Charlie Hill: Native American Comedian Wins Google Doodle


Google honored comedian charlie hill breaking barriersthe first Native American cartoon to appear on national television, featured graffiti on his 71st birthday.

When Hill was a young cartoonist in the 1970s, he refused to succumb to racists Native American StereotypesInstead, his material addresses historical prejudice against Native Americans, targeting white audiences, the forced displacement of First Nations, and even the pernicious history of Christopher Columbus and Plymouth Rock Pilgrims.

In 1977, at the age of 26, Hill appeared on “The Richard Pryor Show,” the first Native American to perform on a show aired in the United States. title according to google In a tribute to Doodle, the show’s writers asked him to paint a racist cartoon of Native Americans, but Hill declined.

“It’s been so long, you [White viewers] may think that Indians never have a sense of humor,” he said. Say on his Pryor show. “We didn’t think you were too funny either.”

Hill is of the Oneida Nation, also of Mohawk and Cree ancestry, and moved to Wisconsin as a child to the Oneida Nation, eventually making his name at the famous California Comedy Store, where he made connections that earned him many more. national television commercials.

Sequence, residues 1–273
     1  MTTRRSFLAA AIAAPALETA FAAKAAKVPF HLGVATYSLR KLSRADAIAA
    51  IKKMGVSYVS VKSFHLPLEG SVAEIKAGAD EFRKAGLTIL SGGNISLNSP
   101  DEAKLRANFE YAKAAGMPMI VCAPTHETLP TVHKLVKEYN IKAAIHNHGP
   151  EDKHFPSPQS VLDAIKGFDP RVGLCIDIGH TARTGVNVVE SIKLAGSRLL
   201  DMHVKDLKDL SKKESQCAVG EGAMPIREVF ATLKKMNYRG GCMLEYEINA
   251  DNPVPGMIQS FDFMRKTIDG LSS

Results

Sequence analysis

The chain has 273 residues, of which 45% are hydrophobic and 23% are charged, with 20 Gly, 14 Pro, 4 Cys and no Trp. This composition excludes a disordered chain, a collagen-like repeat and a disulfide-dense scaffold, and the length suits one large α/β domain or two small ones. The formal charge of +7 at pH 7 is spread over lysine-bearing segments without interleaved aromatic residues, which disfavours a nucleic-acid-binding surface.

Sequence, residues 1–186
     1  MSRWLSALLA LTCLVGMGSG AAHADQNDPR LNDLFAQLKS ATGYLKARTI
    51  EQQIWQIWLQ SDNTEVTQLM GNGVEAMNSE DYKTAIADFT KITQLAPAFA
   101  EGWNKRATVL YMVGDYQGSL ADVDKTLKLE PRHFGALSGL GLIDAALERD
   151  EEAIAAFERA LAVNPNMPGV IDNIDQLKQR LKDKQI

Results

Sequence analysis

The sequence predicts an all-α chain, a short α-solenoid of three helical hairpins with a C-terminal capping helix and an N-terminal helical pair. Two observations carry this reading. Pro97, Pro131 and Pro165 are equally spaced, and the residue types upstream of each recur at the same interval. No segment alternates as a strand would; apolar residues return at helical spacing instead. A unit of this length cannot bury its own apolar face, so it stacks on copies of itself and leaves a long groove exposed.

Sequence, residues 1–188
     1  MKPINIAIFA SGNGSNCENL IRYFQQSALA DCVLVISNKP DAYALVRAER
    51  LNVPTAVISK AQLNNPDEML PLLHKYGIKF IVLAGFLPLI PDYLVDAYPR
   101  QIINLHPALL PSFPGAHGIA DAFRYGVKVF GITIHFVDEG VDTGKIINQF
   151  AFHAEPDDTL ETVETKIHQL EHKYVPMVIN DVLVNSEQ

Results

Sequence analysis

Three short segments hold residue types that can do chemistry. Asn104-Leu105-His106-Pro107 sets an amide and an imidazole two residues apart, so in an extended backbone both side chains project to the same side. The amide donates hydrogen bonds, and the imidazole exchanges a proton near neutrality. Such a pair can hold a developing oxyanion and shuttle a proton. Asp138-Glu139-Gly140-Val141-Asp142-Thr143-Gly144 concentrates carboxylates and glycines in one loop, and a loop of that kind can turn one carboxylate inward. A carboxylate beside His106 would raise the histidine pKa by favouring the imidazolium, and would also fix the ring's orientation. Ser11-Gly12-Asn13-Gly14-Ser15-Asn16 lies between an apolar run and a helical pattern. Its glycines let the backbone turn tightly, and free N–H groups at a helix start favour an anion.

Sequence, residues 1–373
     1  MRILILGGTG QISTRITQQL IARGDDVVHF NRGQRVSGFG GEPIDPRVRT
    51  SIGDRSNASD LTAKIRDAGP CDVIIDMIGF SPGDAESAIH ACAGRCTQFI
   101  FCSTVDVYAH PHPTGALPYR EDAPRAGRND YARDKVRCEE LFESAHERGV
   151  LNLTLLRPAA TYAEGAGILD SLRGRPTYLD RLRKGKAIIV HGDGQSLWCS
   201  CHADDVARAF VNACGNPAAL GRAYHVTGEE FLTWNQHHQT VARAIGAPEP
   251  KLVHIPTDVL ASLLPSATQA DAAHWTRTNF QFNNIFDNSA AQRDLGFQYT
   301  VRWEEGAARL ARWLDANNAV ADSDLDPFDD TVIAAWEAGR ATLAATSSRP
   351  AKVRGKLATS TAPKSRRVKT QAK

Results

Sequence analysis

As his star grew, he still refused to appear in productions that reduced him to a stereotype. He was inspired by black comics Dick Gregory, and his material often targets racism.

“That’s what I did from a Native American perspective to defuse the traditional John Wayne mentality,” Hill Say In “We Have a Little Real Estate Problem,” tells the history of Hill and other Native American comedians who fought against stereotypes.

HILL died “We have a little real estate problem,” said Kliph Nesteroff, author of “We Have a Little Real Estate Problem,” who contracted lymphoma at age 62 in 2013, but his legacy is huge.

“He was important to all indigenous communities in North America because he was an incredible representative who never sold himself and never participated in stereotypes,” Nesterhof said in a statement. interview Last year with Wisconsin Public Radio.

The Google Doodle of Hill is drawn by Alanah Astehtsi Otsistohkwa (Morningstar) Jewell, a French Aboriginal artist from the Thames in Oneida, Canada.

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